Researchers Investigate Photocontact Allergy in Sunscreens

Oct 13, 2010 | Contact Author | By: Katie Schaefer
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Title: Researchers Investigate Photocontact Allergy in Sunscreens
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Researchers at the University of Gothenburg and Chalmers University of Technology have investigated what happens when sun care products break down in the presence of UV radiation in attempt to better understand the association of increased contact allergy and photocontact allergy with this process. In the study, "Photodegradation of Dibenzoylmethanes: Potential Cause of Photocontact Allergy to Sunscreens," which appeared in the American Chemical Society's Chemical Research in Toxicology, researchers found that arylglyoxales, one of the degradation products, are highly allergenic. According to the researchers, this explains why some people are allergic to creams that contain dibenzoylmethanes, specifically 4-tert-butyl-4′-methoxy dibenzoylmethane.

Global warming and a change in sunbathing habits have brought an increase in the number of cases of skin cancer worldwide, according to the report. To prevent the increase of skin cancer, sunscreen use has been encouraged; however, the study notes that increased sunscreen use has also led to an increase in contact allergy and photocontact allergy to these products. This reaction is uncommon and symptoms include itchy, eczema-like rashes. The treatment is to avoid the substance causing the allergy, i.e. sunscreens.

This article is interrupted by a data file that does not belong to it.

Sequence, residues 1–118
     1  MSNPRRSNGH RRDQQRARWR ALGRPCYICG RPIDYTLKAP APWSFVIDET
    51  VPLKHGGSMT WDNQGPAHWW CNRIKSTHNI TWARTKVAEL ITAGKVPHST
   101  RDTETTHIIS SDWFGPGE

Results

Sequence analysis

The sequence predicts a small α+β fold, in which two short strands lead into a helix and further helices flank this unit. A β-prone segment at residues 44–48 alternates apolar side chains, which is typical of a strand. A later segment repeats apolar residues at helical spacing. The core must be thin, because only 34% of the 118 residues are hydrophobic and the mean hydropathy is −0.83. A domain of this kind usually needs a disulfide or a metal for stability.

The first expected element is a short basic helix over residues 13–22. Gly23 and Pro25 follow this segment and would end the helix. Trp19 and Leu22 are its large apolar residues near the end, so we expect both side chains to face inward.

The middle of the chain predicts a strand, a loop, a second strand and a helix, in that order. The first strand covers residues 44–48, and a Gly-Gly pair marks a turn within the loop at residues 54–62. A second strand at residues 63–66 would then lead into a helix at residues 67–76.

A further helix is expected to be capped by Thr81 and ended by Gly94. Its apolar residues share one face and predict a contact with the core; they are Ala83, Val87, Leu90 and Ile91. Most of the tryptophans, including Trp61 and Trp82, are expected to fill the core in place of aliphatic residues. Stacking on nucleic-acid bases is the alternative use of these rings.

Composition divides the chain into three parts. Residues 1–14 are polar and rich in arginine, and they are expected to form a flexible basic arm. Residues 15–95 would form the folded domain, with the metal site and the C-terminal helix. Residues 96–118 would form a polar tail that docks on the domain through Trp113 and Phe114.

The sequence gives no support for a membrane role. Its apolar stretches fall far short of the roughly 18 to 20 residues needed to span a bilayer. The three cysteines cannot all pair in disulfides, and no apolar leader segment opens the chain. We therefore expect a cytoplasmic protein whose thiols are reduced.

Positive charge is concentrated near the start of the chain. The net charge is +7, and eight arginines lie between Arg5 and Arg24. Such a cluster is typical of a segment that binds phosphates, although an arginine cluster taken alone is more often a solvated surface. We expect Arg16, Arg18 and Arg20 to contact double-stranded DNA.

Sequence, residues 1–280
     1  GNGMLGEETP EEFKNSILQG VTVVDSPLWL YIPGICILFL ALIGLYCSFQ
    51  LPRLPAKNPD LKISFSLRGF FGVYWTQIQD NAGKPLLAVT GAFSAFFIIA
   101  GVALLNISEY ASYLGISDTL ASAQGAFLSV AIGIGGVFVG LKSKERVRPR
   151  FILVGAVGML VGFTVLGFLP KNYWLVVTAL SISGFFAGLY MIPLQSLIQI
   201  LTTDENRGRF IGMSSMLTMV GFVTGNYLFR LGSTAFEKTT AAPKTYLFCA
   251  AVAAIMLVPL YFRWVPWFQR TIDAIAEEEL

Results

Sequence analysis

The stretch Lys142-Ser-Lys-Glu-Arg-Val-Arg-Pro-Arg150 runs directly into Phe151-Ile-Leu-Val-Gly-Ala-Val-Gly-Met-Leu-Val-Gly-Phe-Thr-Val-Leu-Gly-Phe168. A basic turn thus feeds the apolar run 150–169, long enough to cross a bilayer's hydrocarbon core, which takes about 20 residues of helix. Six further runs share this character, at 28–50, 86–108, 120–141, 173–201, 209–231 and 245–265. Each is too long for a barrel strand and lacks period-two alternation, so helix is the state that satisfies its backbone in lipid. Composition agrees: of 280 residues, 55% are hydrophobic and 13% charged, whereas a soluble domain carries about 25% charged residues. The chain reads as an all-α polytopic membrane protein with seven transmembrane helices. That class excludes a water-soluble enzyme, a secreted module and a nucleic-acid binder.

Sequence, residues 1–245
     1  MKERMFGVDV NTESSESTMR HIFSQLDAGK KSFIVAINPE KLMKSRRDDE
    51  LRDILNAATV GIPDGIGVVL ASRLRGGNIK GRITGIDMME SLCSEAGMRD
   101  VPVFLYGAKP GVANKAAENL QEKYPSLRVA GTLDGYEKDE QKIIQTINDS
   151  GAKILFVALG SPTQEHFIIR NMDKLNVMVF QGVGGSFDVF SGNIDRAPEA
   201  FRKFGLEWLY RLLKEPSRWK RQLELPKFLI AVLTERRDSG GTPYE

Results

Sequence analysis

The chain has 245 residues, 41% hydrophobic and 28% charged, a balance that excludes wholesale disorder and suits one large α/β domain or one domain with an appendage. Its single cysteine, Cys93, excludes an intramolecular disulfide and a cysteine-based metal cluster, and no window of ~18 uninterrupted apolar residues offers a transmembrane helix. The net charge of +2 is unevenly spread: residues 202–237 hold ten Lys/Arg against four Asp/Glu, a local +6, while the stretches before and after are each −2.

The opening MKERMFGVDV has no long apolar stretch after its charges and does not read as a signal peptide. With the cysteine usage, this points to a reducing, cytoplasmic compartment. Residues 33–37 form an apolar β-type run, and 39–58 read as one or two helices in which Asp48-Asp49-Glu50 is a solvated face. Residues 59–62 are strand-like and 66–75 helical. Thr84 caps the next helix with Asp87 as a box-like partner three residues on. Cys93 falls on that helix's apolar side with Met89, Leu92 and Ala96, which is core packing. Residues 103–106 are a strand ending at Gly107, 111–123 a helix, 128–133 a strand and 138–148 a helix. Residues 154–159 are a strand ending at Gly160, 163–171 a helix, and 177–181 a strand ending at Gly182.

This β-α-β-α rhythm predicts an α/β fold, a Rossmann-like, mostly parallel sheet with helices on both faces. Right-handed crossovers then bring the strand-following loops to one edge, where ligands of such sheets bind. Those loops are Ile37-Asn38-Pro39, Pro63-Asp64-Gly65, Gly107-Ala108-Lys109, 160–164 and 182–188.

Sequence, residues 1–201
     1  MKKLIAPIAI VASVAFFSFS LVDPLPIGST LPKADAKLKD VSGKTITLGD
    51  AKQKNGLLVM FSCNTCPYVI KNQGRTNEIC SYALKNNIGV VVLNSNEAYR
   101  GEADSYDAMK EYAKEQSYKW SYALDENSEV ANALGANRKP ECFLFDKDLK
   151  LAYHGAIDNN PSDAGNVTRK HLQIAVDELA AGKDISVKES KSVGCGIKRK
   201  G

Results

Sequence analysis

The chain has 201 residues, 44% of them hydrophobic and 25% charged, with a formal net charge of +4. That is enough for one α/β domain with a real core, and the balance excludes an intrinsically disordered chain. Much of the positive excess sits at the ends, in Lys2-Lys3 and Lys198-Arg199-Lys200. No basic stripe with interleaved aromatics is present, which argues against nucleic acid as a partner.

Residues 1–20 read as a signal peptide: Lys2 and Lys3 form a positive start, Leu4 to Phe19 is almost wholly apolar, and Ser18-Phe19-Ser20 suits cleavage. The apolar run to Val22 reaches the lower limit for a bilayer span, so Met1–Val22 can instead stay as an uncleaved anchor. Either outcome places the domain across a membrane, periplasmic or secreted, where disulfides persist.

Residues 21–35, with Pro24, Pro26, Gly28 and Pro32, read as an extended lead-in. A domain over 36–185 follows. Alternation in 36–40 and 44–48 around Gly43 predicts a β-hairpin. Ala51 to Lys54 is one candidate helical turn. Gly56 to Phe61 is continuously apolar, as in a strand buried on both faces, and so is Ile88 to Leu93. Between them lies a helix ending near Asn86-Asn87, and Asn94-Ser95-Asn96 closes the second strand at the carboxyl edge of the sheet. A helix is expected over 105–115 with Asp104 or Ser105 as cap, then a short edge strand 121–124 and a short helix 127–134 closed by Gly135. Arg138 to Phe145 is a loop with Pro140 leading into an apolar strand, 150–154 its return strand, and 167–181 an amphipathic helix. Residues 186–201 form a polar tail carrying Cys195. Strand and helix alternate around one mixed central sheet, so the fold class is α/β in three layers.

In the described study, the allergenic potential of photodegraded 4-tert-butyl-4′-methoxy dibenzoylmethane was evaluated by screening the arylglyoxals and benzils formed for their sensitizing capacity via the murine local lymph node assay (MLLNA). The arylglyoxals were found to be strong sensitizers and highly reactive toward the nucleophile arginine, indicating the immunogenic hapten−protein complex could be formed via an electrophilic−nucleophilic pathway.

In addition, varying the electron-withdrawing or -donating capacity of the arylglyoxal had no significant impact on the sensitizing or the electrophilic power of arylglyoxals. Thus, a change in the substitution pattern of the parent dibenzoylmethane did not influence the sensitizing capacity of the products formed from them upon photodegradation.

Also, the combined studies of benzils, using the MLLNA and a cell proliferation assay, indicated that the benzils are cytotoxic rather than allergenic. The researchers therefore concluded there is a strong indication that photocontact allergy to dibenzoylmethanes is caused by the arylglyoxals formed during photodegradation. According to the researchers, the personal care industry could use this information to create sunscreen products that do not cause allergic reactions.